It's Not About You

Why building a brand requires you to focus on someone else.

March 3, 2020

A brand is not a logo, it's not a product, it's not your reputation, it's not your name, so what is it?

A brand is the gut-feeling someone has toward your business. You make them feel a certain way through your company's behavior, it's appearance, and the experiences you provide.

All of this to say that making someone feel a certain way requires you, the business owner, to stop thinking about yourself and think about how you will impact someone else.

It doesn't matter what you like, what matters is what the person you are making this company for likes.

It doesn't matter if you don't like the name of your company, what matters is how it impacts your user.

It doesn't matter that you don't like your logo, what matters is how easy it is for your ideal customer to recognize it.

You get the picture.

The beauty of this, is that the pressure is taken off of you and your subjective standards, and instead focused on how much you can affect someone else.

It's not about you.

More you say?

Rebellious Logo Checklist

There are defined steps to creating a rebellious logo. Skip at your own risk.

1.31.2020

What do you mean a rebellious logo? 

Well, rebellion in its simplest form is this: when everyone goes left, are you willing to go right? Rebellion means looking at the context your company is in and figuring out what is missing.

Discovery:
At the onset of every identity project there needs to be a common goal between the designer and the owner of the logo. This goal is assessed by drilling down on the story, voice and tone, character, ideal customer, and the mission, vision, and purpose of the brand.

Competitive Analysis:
After getting introspective about who you are, you need to see what's already out there, especially in terms of a logo. It's astounding to see how the marks used by your competitors are similar. In fact, I'd guarantee you find at least two recurring motifs like an image or color palette used multiple times. The goal here is ascertaining what NOT to do.

Concepts:
After observing what's already out there, now you can formulate concepts that are different from your competitors. My recommendation is to think of them in categories: a pictorial mark (something that is a representation of a real object), typographic (word-based mark), and abstract icons (shape-based marks that don't resemble something real). You'll find that at least one of these categories makes up the majority of your competitors' logos. Don't pick that one.

Black and White:
Every good mark works in both a solid black and a solid white version. If you have to rely on color to make the mark effective, go back to the drawing board.

Color:
If you're good to go on the black and white versions of your logo, move into choosing colors. Remember, the key is to choose elements that are different from what's already out there.

Applications:
Logos are special because of the things they live on. By placing your mark on business cards, marketing collateral, signage, digital environments, and at varying scales, you can forecast against placement issues in the future. This saves thousands of dollars ensuring that the mark doesn't incur printing hazards down the line and can retain its structure regardless of where it goes.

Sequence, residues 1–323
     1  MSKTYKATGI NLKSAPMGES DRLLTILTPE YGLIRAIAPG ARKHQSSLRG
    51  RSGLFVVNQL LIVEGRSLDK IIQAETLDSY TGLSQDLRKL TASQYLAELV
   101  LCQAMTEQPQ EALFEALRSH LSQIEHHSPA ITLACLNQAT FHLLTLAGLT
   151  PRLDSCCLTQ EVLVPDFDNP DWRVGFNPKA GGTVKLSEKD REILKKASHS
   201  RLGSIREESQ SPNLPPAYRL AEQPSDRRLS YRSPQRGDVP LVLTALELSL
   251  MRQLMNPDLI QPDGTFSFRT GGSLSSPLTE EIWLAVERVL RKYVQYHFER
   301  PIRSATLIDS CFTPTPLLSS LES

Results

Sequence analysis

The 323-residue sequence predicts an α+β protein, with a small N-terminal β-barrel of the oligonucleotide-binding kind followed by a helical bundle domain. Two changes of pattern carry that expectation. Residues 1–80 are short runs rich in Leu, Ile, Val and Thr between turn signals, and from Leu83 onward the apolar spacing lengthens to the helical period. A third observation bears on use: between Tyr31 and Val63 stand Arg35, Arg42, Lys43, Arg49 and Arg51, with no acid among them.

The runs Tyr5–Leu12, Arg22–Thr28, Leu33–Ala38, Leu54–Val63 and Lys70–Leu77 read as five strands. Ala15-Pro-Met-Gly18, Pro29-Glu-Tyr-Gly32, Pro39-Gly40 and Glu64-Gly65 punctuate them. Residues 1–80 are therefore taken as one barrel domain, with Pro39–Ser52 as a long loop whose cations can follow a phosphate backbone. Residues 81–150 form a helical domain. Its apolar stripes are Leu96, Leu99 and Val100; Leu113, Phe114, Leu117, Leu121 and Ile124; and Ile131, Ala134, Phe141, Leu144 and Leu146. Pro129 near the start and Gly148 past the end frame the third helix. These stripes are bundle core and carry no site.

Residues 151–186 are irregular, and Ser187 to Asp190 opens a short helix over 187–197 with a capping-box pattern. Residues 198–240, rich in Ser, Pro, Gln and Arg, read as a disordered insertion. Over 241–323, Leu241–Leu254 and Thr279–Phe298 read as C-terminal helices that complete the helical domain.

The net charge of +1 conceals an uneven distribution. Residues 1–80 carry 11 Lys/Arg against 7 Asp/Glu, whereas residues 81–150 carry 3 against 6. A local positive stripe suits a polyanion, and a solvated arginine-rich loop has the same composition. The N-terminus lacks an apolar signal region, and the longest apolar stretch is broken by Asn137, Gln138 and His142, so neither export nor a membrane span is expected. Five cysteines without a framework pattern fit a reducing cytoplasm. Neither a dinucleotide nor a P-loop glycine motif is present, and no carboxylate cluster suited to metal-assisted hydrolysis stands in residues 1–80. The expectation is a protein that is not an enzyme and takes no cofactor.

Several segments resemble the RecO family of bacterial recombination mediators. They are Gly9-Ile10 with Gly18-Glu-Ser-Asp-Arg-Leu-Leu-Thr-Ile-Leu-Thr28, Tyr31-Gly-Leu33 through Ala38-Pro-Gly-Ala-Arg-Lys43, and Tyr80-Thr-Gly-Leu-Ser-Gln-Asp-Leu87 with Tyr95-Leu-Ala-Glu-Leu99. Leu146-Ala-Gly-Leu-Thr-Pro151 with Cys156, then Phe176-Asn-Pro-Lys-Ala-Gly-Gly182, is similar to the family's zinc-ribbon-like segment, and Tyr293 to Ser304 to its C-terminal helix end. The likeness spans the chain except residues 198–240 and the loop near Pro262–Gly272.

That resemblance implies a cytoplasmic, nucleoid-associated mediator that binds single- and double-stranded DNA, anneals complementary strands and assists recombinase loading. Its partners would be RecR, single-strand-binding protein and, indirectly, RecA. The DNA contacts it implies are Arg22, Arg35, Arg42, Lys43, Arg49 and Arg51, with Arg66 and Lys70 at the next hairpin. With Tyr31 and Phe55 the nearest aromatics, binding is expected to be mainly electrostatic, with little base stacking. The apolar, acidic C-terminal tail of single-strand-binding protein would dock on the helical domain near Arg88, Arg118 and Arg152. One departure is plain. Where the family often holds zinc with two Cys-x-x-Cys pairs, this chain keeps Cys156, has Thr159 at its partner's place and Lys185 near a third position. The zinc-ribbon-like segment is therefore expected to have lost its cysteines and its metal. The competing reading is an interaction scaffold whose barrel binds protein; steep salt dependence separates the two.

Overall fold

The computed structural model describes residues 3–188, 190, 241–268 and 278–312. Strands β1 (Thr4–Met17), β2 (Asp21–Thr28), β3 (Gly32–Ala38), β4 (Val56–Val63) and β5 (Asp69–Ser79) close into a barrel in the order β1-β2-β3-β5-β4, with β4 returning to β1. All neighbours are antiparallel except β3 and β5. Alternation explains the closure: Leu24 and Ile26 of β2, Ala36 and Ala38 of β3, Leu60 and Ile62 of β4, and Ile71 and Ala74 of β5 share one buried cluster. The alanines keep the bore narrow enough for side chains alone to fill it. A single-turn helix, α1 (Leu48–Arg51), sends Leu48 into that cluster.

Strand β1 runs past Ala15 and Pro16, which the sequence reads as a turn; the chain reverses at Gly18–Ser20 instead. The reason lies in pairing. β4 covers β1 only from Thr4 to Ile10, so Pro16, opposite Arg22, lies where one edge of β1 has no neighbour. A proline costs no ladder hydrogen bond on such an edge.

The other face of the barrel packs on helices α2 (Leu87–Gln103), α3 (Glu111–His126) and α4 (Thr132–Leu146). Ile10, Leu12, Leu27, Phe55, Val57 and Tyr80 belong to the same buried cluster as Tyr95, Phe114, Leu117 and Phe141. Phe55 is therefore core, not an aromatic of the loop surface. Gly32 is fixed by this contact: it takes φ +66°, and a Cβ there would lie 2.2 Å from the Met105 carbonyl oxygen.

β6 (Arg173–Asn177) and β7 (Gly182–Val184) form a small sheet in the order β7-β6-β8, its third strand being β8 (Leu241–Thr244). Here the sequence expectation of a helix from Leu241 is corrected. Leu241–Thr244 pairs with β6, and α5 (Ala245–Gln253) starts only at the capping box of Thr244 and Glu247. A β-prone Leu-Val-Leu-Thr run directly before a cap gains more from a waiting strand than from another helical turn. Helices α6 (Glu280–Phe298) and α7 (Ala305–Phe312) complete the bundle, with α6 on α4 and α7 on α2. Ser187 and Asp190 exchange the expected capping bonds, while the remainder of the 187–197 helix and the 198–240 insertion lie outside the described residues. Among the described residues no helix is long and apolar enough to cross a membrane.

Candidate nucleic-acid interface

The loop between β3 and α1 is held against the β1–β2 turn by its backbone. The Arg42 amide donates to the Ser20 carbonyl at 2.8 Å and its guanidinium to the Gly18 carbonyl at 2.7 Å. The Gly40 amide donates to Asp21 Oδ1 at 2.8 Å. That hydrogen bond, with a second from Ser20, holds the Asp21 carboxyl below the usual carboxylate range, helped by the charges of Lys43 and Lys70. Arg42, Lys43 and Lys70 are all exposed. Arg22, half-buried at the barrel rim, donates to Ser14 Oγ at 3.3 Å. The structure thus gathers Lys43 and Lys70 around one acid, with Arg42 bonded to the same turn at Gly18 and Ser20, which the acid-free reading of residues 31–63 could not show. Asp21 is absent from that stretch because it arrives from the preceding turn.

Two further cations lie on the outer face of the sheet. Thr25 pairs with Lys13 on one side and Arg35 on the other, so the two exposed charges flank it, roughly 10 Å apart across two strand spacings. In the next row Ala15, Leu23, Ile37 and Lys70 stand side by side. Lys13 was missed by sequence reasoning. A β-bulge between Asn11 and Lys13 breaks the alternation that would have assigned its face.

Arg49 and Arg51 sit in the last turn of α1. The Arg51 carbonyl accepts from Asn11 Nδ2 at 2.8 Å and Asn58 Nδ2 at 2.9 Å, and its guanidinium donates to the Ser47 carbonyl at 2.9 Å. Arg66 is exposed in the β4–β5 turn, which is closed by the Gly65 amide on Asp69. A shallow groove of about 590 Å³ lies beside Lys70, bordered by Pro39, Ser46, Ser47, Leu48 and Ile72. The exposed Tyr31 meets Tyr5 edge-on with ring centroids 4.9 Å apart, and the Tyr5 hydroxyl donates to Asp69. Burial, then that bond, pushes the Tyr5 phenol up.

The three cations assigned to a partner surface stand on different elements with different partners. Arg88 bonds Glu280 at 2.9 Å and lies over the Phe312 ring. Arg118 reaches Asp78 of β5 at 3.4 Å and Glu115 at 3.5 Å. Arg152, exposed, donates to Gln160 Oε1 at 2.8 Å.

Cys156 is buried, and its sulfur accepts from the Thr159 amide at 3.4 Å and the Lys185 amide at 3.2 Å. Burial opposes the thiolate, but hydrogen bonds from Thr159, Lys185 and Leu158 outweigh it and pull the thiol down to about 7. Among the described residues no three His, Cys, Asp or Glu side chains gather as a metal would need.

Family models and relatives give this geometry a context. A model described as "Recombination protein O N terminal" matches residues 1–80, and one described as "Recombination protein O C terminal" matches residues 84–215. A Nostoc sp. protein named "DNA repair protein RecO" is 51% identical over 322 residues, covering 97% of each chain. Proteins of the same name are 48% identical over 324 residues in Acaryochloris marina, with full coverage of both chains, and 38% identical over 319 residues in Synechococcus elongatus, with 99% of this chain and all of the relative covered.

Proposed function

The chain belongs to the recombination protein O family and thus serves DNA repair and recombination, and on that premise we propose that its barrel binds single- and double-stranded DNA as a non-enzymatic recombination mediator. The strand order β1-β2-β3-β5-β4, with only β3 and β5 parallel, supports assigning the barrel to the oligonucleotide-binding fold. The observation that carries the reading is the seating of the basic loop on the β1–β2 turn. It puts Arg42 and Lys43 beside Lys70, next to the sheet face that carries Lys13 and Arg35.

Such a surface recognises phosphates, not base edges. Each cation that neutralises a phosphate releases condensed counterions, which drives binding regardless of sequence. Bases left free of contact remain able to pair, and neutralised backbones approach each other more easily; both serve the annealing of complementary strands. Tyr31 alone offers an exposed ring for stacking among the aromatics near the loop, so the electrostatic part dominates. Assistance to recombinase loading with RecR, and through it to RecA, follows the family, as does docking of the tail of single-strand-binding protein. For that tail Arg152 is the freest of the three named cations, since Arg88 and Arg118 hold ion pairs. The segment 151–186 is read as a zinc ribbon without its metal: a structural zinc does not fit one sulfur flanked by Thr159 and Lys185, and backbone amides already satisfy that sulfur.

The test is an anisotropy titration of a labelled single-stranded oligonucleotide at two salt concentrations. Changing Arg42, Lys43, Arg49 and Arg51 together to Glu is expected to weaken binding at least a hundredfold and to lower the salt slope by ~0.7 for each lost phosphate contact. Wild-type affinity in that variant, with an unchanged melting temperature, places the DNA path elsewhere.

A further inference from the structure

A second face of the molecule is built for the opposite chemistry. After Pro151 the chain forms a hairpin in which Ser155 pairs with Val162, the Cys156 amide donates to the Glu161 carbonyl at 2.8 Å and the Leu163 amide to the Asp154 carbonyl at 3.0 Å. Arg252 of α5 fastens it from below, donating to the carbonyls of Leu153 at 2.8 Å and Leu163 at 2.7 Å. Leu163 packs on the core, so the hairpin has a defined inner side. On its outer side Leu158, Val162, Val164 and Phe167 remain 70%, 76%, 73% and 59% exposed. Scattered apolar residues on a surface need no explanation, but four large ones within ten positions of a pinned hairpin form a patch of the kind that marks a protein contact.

Go get em rebels.

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Defining "Design" and What it Means for Startups

No, it's not making things pretty.

5.1.2020

There are big elements of design and there are small elements. Both are necessary if you want to use design as an asset within your startup.

Design is the process of crafting with intention. This sets the trajectory for allowing design to be an integral part of your startup. In fact, it speaks to the idea that it should be intrinsically woven into every decision the company makes. If you act with the purpose of achieve a specific goal, you are designing. The opposite would be aimlessness or choosing to craft without purpose.

While such endeavors can lead to interesting results, it's not the best mindset to adopt with investors breathing down your neck or crucial deadlines looming int he background. Choosing to adopt a design-driven mindset is what allows you to measure progress and iterate with precision. In short, design turns wandering ideas into obtainable goals.

That's way different than making things prettier.

Yes, this concept tends to be confined within the areas of improving the aesthetic of apps, websites, interiors, products, or brand identities (a bunch of small elements), but these outlets don't give it power. Look beyond aesthetic and focus on creating things with purpose. How you want them to make people feel, what you want them to do, the goals a project is supposed to achieve.

I guess the main point is this: if you see design as only making things look pretty, even the things you want to look pretty will fall short of expectation. But, if you decide to see design as crafting with intention, you will be able to get results... and maybe make something beautiful int he process.

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